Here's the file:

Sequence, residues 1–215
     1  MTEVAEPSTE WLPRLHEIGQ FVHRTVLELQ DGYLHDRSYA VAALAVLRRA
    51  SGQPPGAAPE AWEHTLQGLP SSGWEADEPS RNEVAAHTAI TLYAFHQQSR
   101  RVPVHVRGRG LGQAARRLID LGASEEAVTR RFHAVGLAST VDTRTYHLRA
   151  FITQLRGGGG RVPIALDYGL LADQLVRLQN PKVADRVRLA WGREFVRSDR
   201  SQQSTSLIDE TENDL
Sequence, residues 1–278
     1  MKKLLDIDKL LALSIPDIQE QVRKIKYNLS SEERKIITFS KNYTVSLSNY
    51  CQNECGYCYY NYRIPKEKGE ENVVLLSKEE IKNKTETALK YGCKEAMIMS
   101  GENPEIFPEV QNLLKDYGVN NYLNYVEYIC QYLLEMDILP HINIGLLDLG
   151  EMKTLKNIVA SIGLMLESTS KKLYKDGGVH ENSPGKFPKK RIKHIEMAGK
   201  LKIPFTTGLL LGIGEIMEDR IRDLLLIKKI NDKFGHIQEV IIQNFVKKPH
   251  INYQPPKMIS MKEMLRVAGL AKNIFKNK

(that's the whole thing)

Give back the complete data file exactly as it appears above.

Sequence, residues 1–215
     1  MTEVAEPSTE WLPRLHEIGQ FVHRTVLELQ DGYLHDRSYA VAALAVLRRA
    51  SGQPPGAAPE AWEHTLQGLP SSGWEADEPS RNEVAAHTAI TLYAFHQQSR
   101  RVPVHVRGRG LGQAARRLID LGASEEAVTR RFHAVGLAST VDTRTYHLRA
   151  FITQLRGGGG RVPIALDYGL LADQLVRLQN PKVADRVRLA WGREFVRSDR
   201  SQQSTSLIDE TENDL
Sequence, residues 1–278
     1  MKKLLDIDKL LALSIPDIQE QVRKIKYNLS SEERKIITFS KNYTVSLSNY
    51  CQNECGYCYY NYRIPKEKGE ENVVLLSKEE IKNKTETALK YGCKEAMIMS
   101  GENPEIFPEV QNLLKDYGVN NYLNYVEYIC QYLLEMDILP HINIGLLDLG
   151  EMKTLKNIVA SIGLMLESTS KKLYKDGGVH ENSPGKFPKK RIKHIEMAGK
   201  LKIPFTTGLL LGIGEIMEDR IRDLLLIKKI NDKFGHIQEV IIQNFVKKPH
   251  INYQPPKMIS MKEMLRVAGL AKNIFKNK